Titles Achieved to date...

Monumental A to Z High On Liberty
UWPCH, ADPL3(2), ADPL3(GC), NC, NI, and NE... 41 and counting...

Tuesday, March 28, 2017

RallyFrEe practice (39)

My goal for this week's sessions was to get back to some of the basics, working toward more precision.  We made it through the false pregnancy without any notable loss of performance - which is HUGE.  The only real loss was the precision, which I let slide to preserve attitude, knowing we'd have to go back and address it.  In addition, despite Mommy-brain, we were able to use the time to do some videos for the MDSA workshops.  We also did all the performing we needed in front of a witness to earn Gimme's Novice Trick Dog title. Have I mentioned this is her 23rd title? 

I set the alarm on my cell phone for a shorter time, so I did a much better job this day keeping the sessions a reasonable length.  They were 7½, 8½ and 7½ minutes. 

Session 1 video - Gimme was a little distracted, but came out of it quickly.  I used my own movement away from her to remind her the idea was for her to heel with me, not vice versa. I have a tendency to get stuck on one thing for too long, so I tried to change it up more.  We did a little bit of "Otto" and I clearly need to spend more time in the wire guides at home.  I also need to be careful to not unknowingly reward a sit at the end of "Otto", since it's not part of the final behavior.  For a break from brainwork, I tossed treats and then had her find a position.   We also did some "thru-side", "thru-heel", "right" and "left".  We hadn't done "right" and "left" in awhile, so I was happy she remembered them and the distinction between them and the very similar "thru" behaviors.  She did well with the "out" for a figure 8, which we'd just worked in parkour.  The distraction during "pivot" was because of 2 dogs walking by outside our space.  I thought her right "side" heeling was too wide, so decided I'd focus on it for our third session.  We put some rewards into the being still bank account - never her preference, as well as a short "wait" practice.  We ended with a "bacon", just because she likes them so much.

Session 2 video - We did some brief heeling warm-up before starting the intermediate level RFE course.  I used to always lose her to the distraction of corners, so getting her back with just her name is such an improvement.  She started out nicely and the first sign was a free choice so we did up-for-kisses.  I was pleased she was able to get back down readily and get into "side" on cue.  The  next sign was right-paw-lift, which we haven't worked on in a very long time.  After working it at home in the evening, it occurs to me part of the problem I have with getting paw lifts on cue may be the cues I chose.  They are "high" (right paw) and "five" (left paw), which sound too similar; don't know why I never thought of it before.  I'm going to try "fi-VER" and see if it makes a difference.   Its interesting how long it takes her to recover after the frustration built up by the paw lift confusion.  She is just certain there should always be more behavior-doing than waiting for cues.  I did the backward-walking-weaves wrong, so she was on the wrong side of me for the next station.  I went online since then and watched the example video on the RFE website.  So now I need to practice it.  The pivot in the corner would probably not get high marks because her front feet are supposed to be the pivot point and I taught it with me as the pivot point.  I'll have to think about whether there is a way I can do it to get her as the pivot point, otherwise will just have to take a hit in points.  Clearly we need to get back to work on the "take-a" bow.  Since its also her tracking indication, it has gotten out of position - she is supposed to stay aligned in "heel" or "side" position, not turn out 45°.  The alarm on my phone went off as we were working on the "take-a", so on our way to the leash I stopped to do a bit of "thru" figure-8.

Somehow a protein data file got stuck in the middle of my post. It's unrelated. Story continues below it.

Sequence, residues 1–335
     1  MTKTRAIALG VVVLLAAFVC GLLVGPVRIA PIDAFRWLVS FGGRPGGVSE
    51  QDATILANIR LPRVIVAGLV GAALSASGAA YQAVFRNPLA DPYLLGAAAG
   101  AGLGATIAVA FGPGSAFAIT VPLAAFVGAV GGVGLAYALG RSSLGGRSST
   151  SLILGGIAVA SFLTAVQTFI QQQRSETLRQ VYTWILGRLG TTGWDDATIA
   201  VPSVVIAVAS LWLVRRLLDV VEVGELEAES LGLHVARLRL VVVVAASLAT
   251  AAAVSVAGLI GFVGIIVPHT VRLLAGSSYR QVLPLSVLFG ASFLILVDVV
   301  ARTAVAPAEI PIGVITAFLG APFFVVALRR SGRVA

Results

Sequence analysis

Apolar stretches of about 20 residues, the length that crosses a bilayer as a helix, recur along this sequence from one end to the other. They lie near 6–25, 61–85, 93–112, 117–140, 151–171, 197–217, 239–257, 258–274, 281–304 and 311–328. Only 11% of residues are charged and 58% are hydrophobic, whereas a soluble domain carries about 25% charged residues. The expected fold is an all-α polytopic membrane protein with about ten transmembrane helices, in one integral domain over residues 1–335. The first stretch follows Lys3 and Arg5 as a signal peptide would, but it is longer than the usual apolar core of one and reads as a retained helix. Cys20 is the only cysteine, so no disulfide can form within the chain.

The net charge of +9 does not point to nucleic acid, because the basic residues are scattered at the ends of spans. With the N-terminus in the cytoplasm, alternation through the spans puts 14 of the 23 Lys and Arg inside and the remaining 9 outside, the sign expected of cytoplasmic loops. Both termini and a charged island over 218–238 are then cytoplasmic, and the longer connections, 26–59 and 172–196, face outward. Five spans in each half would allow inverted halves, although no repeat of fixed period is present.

Session 3 video - My goal for this session was to work at tuning up her right "side" position, using the clicker to capture and reinforce the best parts.  [By the way, Gimme is laying beside me on the couch as I review the video and write this - she's absoluely certain I should have a bowl of treats beside me to reward her for all these clicks she's hearing.]  In the video, I have to laugh at how she manages to still get one foot onto the low bench as we go heeling by.  Props are always a biggggg distraction for her.  She does better when I move further away and then go close while moving faster.  After a couple times, then she gets it.  This makes sense, since the props themselves become a big part of the cue for some behaviors.  This is something we work on a lot in parkour in a way - using the same prop for multiple behaviors.  Notice later as we approach a big cone and she goes "out" around it, since its almost always what we do with cones.  We take a break from heeling with some tossed treats and position finding, sometimes mixed with behaviors.  Near six minutes you'll see her momentarily distracted and then come to me - there are strange dogs working in the next area over.  I always reward her for coming to me when she sees other dogs.  We end with some behaviors as a reward for all her hard work.

No comments: